Tanker fire linked to lithium handheld radio battery

The fire caused $3 million in damage and virtually destroyed the tanker’s bridge.
The fire caused $3 million in damage and virtually destroyed the tanker’s bridge.
The fire caused $3 million in damage and virtually destroyed the tanker’s bridge.

Federal investigators believe a “thermal runaway” in the lithium-ion battery of a handheld radio caused a fire on an oil tanker docked at a Baton Rouge, La., fuel terminal. 

The captain of the 800-foot S-Trust discovered a fire in the bridge at about 3:30 pm on November 13, 2022. Crewmembers mustered in firefighting gear and extinguished the flames about 20 minutes later. 

By then the damage had been done. The Liberia-flagged crude oil tanker required $3 million in repairs, a figure that includes replacement of the entire bridge navigation, communications, and electronics suite. 

The location of the lithium-ion battery fire aboard the Liberia-flagged S-Trust.
The location of the lithium-ion battery fire aboard the Liberia-flagged S-Trust.

The National Transportation Safety Board concurred with the Bureau of Alcohol, Tobacco, Firearms & Explosives (ATF), which traced the fire to a runaway cell in a lithium-ion battery. 

“The closed-circuit camera on the bridge captured an orange flash immediately followed by a puff of smoke in the area of the communications table where batteries and chargers for hand-held radios assigned to the bridge were located,” the NTSB report said.  

“Following the flash, smoke and flames were seen growing and expanding as combustible material was consumed by the fire,” the NTSB continued. “The ATF concluded that the fire was caused by one of the lithium-ion battery cells on the communications table exploding.”

According to the report, a thermal runaway is the term for a battery cell that overheats and combusts. This type of reaction is not limited to lithium-ion batteries. The chemical reaction that causes it can happen with “damaged, shorted, overheated, defective, or overcharged” battery cells.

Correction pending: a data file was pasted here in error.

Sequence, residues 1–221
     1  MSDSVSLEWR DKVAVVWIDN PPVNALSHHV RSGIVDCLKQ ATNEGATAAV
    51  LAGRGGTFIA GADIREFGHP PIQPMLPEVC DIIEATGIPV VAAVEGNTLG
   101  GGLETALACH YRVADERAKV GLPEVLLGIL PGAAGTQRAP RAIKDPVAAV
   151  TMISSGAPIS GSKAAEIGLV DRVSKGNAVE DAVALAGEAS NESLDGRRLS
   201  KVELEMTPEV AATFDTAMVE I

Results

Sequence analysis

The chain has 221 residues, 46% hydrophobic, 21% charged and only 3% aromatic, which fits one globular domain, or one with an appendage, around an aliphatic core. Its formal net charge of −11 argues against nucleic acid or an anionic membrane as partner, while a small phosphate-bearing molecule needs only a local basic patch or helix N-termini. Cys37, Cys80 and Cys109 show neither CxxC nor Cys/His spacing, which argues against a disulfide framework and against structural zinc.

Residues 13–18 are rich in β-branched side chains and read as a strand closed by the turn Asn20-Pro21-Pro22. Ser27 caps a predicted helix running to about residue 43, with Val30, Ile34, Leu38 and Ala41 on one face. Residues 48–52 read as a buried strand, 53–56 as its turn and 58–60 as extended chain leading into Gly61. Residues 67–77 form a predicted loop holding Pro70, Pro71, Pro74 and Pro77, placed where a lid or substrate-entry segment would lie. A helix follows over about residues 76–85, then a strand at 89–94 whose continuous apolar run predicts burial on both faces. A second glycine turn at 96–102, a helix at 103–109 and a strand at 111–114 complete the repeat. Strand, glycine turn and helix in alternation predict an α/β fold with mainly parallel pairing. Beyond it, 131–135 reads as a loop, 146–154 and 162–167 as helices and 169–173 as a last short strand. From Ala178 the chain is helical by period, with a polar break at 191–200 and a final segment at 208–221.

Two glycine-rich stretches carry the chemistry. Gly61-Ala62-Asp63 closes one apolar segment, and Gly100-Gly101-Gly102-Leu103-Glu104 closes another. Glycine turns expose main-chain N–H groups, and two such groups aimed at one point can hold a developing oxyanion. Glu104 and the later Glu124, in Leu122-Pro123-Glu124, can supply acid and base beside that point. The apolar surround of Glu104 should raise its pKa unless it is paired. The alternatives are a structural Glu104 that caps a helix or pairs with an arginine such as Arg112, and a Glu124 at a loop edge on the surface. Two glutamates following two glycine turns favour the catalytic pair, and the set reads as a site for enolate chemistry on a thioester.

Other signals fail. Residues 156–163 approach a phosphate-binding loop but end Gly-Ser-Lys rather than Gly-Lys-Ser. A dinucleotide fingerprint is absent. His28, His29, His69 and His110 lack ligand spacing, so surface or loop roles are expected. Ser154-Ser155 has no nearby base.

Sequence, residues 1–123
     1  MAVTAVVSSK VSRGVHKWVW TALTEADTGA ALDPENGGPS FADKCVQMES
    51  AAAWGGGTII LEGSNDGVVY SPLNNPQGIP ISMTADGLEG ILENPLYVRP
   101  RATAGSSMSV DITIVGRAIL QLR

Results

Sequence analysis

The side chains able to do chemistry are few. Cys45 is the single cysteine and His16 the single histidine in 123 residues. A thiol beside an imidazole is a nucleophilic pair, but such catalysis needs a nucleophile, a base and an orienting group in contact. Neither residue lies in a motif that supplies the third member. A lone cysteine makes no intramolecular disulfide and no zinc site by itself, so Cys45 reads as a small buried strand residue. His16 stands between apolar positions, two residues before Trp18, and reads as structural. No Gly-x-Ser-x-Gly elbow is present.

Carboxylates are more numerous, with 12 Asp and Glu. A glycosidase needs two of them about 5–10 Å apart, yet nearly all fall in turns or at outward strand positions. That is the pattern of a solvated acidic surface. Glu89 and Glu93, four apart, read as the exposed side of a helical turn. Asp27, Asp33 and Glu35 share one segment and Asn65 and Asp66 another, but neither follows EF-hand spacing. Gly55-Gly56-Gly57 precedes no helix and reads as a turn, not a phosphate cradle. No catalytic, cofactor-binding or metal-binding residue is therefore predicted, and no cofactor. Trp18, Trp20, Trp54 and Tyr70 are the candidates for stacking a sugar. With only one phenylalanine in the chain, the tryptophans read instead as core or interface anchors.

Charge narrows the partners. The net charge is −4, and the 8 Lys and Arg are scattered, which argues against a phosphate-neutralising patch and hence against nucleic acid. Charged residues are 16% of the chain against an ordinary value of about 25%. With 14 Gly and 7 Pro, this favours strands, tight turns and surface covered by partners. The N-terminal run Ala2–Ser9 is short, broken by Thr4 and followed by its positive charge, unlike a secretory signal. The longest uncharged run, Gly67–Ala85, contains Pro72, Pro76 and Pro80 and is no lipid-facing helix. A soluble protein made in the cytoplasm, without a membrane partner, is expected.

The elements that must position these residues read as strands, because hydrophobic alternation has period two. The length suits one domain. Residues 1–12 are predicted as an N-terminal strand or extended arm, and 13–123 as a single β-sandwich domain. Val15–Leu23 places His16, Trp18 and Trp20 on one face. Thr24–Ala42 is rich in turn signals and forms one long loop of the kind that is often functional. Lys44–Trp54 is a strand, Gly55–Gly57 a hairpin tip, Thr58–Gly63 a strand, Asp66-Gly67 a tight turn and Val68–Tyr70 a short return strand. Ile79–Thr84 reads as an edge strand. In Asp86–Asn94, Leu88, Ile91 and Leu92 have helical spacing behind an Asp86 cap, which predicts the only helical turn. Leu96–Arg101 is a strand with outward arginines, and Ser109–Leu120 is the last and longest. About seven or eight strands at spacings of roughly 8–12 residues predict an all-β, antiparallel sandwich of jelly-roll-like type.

S-Trust arrived at the Genesis Port Allen Terminal on November 11, two days before the fire, to offload its cargo of high-sulfur fuel oil. Cargo discharge operations were underway when the fire started. The bridge was unoccupied at the time because the ship was docked. 

The master noticed something amiss when the closed-circuit television (CCTV) feed for the bridge cut out abruptly, the NTSB report said. He went upstairs to the bridge to check the camera. Smoke escaped from the bridge as soon as he opened a door to the space, activating a hallway alarm. 

The bridge itself was not outfitted with a smoke alarm, nor was it required to have one. 

A flurry of activity followed. The master rushed to the cargo control room and ordered the chief mate to halt cargo operations. The chief mate then alerted terminal officials, who contacted the fire department. 

The master rushed back upstairs to fight the fire. He opened a door from the starboard side bridge wing, which afforded a good view of the fire. He later told investigators the fire was coming from a communications table where handheld radios were charged.  

“The master directed the crew to muster into two fire teams — one on the portside bridgewing and the other on the starboard-side bridgewing,” the report continued. 

“Once the master received notification that all of the electrical power to the bridge was secured, the fire teams began fighting the fire through the port and starboard bridge doors using hoses.”

The fire was out by 3:50 pm. The local fire department responded about 10 minutes later and confirmed the flames were fully extinguished. 

In addition to water, foam, CO2, dry chemical, and powered agents can work on lithium-ion battery fires. 

“However,” the report said, “if the battery fire cannot be extinguished, personnel should attempt to allow the pack to burn in a controlled manner. 

This, it added, “includes watching for nearby cells that may also experience thermal runaway and extinguishing other combustibles that may catch on fire.”

CCTV footage from the ship showed the fire’s origins. The video captured an orange flash near the communications table at about 3:27 pm followed by smoke. Roughly 90 seconds later, there was another flash as an object launched toward the starboard side of the bridge, landed on the floor, and continued to burn. 

Smoke and flames continued to grow for the next six minutes, rendering the CCTV camera inoperable, the NTSB report said.  

Investigators focused on the communications table on the bridge, which had charging stations for both Motorola and Entel handheld radios. 

Two Motorola units were powered by lithium-ion batteries with a third powered by nickel metal hydride cells. The Entel radios featured metal hydride batteries, the report said. 

Although uncertain, a crewmember later told investigators he did not believe the radios were charging the day of the fire. 

Investigators identified the two different types of chargers among the soot and ash on the bridge. They also found battery remnants. 

“Of the remains of the two lithium-ion batteries on the communications table, two cells from the same battery were found among the charger remains and had sustained fire damage,” the report said. “Although investigators found components of the second lithium-ion battery among the charger remains, its two cells were not found.”

Authorities believe the cells “probably burned in the fire.”